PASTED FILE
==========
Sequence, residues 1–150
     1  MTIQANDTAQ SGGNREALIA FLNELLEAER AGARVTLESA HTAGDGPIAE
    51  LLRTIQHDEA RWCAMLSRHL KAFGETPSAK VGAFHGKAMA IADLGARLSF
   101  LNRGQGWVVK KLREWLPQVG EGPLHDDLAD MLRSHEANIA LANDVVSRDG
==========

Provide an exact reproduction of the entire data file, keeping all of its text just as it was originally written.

Sequence, residues 1–150
     1  MTIQANDTAQ SGGNREALIA FLNELLEAER AGARVTLESA HTAGDGPIAE
    51  LLRTIQHDEA RWCAMLSRHL KAFGETPSAK VGAFHGKAMA IADLGARLSF
   101  LNRGQGWVVK KLREWLPQVG EGPLHDDLAD MLRSHEANIA LANDVVSRDG